UFC 3 -520-01
June 10, 2002
Locations that are adjacent to a Class I, Division 1 location and to which ignitable
concentrations of gases or vapors might occasionally be communicated unless such
communication is prevented by adequate positive -pressure ventilation from a source
of clean air, and effective safeguards against ventilation failure are provided.
Evaluate each location for a possible classification as a hazardous area. All
hazardous areas must comply with the design criteria specified in NEC Articles 500 and
501 (2002 Edition) . Refer to NEC Article 504 (2002 Edition) for the design criteria for
intrinsically safe systems.
The Zone classification system described in NEC Article 505 [2002 Edition]
can be applied as an alternative to the Class and Division designations.
Refer to NEC Article 511 (2002 Edition) for design criteria for commercial-type
garages in which service or repair operations are performed on all or all types of self -
Refer to NEC Article 514 (2002 Edition) for design criteria for gasoline
dispensing and service stations. This applies to any location where gasoline or other
volatile flammable liquids or liquefied flammable gases are transferred to the fuel tanks
(or auxiliary fuel tanks) of self -propelled vehicles or approved containers.
Refer to NEC Article 515 (2002 Edition) for design criteria for bulk storage
plants. This applies to any location where flammable liquids are received by tank
vessel, pipeline, tank car, or tank vehicle, and are stored or blended in bulk for the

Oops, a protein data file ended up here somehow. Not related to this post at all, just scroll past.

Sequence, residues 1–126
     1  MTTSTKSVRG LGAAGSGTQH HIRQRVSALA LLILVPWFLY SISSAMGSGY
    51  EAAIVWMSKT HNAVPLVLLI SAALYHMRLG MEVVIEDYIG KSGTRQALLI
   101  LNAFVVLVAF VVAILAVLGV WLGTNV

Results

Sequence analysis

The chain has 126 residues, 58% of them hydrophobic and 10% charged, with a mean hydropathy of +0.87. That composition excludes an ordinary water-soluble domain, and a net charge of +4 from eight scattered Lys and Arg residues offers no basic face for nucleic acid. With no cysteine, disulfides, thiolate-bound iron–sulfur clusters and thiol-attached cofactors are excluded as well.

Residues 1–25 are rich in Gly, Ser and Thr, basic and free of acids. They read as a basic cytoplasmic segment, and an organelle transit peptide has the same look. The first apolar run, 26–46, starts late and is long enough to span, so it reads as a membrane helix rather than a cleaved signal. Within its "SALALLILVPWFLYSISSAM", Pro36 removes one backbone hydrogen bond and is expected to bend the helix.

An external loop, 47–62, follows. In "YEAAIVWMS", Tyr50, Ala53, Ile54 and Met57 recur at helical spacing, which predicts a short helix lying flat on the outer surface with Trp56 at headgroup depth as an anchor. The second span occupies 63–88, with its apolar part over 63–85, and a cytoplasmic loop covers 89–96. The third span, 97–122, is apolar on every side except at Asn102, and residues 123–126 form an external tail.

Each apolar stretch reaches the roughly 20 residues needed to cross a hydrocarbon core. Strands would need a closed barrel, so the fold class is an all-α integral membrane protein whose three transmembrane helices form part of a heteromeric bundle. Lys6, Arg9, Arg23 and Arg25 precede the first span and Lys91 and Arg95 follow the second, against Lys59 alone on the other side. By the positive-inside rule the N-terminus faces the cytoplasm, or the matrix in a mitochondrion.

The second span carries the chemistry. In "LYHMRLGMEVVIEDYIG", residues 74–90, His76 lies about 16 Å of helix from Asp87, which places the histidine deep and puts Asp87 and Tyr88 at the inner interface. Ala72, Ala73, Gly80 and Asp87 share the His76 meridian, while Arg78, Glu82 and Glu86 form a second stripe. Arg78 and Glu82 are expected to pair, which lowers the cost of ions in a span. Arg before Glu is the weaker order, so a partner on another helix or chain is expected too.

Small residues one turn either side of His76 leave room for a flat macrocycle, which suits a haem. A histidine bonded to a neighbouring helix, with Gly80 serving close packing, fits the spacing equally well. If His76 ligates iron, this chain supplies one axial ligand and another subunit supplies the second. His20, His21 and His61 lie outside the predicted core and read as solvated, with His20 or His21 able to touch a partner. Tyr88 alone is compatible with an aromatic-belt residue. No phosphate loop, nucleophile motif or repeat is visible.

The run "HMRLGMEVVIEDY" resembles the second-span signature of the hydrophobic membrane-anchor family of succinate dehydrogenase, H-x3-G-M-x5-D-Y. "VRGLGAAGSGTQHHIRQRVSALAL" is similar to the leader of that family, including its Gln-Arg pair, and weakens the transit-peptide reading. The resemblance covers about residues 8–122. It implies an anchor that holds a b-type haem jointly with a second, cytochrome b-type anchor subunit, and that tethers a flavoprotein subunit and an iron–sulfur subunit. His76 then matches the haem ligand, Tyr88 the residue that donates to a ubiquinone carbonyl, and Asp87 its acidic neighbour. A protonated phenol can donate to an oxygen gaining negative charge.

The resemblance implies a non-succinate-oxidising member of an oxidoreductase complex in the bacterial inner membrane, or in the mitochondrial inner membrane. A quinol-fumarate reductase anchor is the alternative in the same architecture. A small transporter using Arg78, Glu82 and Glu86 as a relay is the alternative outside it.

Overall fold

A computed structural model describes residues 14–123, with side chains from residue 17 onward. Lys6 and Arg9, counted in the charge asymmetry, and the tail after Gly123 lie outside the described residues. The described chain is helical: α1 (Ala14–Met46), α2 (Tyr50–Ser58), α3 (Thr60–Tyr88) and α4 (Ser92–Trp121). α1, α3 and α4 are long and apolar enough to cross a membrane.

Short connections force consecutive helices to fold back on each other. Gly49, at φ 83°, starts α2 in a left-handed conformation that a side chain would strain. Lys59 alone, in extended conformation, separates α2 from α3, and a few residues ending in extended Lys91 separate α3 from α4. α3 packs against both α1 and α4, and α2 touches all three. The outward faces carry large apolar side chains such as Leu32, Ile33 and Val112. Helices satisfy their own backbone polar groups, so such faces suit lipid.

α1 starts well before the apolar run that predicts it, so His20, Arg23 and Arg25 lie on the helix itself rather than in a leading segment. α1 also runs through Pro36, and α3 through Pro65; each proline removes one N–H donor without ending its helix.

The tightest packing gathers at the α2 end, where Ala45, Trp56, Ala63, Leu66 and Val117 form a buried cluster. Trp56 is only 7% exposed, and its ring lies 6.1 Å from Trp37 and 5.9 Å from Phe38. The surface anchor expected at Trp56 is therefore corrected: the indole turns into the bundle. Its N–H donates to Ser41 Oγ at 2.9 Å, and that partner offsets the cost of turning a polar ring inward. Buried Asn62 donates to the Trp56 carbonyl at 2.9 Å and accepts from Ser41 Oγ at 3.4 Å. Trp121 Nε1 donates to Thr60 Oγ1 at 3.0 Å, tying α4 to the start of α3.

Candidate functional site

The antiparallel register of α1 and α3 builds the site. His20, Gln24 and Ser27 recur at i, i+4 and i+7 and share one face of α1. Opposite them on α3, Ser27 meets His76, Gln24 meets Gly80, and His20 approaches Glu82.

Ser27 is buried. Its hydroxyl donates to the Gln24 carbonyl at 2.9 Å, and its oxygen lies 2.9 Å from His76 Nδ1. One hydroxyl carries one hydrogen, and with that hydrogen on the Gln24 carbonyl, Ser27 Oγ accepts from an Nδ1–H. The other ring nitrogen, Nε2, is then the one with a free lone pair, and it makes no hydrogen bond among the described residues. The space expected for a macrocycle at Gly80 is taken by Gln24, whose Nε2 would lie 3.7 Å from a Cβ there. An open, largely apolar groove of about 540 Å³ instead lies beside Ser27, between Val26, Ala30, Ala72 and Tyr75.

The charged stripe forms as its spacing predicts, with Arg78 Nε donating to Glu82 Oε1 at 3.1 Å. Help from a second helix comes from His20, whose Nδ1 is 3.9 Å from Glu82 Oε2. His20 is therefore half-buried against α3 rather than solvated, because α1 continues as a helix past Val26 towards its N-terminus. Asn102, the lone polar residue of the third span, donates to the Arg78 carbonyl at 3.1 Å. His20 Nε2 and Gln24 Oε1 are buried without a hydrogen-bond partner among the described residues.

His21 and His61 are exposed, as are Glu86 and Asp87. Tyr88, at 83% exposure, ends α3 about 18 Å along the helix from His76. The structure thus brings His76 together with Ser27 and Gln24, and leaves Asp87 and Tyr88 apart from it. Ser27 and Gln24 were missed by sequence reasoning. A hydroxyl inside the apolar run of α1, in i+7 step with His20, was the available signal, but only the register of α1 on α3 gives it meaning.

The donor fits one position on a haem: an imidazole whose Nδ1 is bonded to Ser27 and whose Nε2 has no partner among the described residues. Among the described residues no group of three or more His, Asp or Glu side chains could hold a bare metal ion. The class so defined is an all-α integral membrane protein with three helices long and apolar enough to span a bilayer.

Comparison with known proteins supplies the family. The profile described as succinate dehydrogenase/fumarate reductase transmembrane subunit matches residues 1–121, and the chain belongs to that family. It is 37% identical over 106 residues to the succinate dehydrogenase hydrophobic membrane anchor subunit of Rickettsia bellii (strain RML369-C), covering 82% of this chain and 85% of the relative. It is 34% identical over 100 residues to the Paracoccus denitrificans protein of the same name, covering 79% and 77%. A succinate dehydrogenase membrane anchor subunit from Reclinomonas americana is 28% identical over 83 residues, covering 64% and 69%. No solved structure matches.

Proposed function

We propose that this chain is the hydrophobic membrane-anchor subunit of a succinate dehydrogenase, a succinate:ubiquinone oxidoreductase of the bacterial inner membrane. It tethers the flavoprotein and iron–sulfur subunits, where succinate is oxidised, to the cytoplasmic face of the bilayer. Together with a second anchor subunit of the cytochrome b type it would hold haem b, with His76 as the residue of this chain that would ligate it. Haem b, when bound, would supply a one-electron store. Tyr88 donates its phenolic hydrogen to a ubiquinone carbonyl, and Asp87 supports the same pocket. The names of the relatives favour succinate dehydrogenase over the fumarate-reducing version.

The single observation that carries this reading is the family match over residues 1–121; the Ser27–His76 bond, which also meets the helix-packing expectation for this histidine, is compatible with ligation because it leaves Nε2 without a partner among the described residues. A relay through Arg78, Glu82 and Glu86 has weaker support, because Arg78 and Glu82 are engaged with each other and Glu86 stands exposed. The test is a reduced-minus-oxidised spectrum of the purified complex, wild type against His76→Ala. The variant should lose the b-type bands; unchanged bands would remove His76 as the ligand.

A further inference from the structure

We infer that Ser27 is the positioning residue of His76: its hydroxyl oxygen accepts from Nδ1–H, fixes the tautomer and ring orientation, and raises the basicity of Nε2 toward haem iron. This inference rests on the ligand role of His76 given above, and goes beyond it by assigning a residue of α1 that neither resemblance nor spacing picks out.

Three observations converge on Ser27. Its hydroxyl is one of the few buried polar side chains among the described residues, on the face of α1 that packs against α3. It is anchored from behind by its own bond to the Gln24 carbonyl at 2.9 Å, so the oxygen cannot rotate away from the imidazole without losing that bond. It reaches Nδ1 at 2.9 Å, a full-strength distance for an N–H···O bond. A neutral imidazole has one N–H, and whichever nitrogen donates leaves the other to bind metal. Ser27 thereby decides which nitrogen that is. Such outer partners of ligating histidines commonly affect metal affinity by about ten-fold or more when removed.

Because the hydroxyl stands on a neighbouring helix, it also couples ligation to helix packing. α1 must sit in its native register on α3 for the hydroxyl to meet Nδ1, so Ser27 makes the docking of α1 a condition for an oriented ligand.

purpose of subsequent distributing of such liquids.
Wherever possible, do not locate electrical distribution or utilization equipment
in zones classified as hazardous.
400-HERTZ DISTRIBUTION SYSTEMS .
Some equipment is designed for 400-Hertz operation. Normally, a 400-Hertz
voltage is obtained from 60 -Hertz power (50 Hertz outside North America) by motor-
generator sets or UPS conversion equipment. Small 400-Hertz power systems are
often located near the end -use equipment, but larger systems might be installed as
accessory equipment in a nearby electrical equipment room.
A 400-Hertz system requires a different design approach than a 60-Hertz (or
50-Hertz) system. For example, conductors that carry 400-Hertz power cannot be
installed in ferrous metal conduit, but can be installed in aluminum conduit. The high
frequency magnetic fields around conductors carrying 400-Hertz power can induce
heating in ferrous metals, thereby causing excessive temperature rise in the conductors.
Furthermore, greater care is necessary to minimize voltage drop in 400-Hertz systems.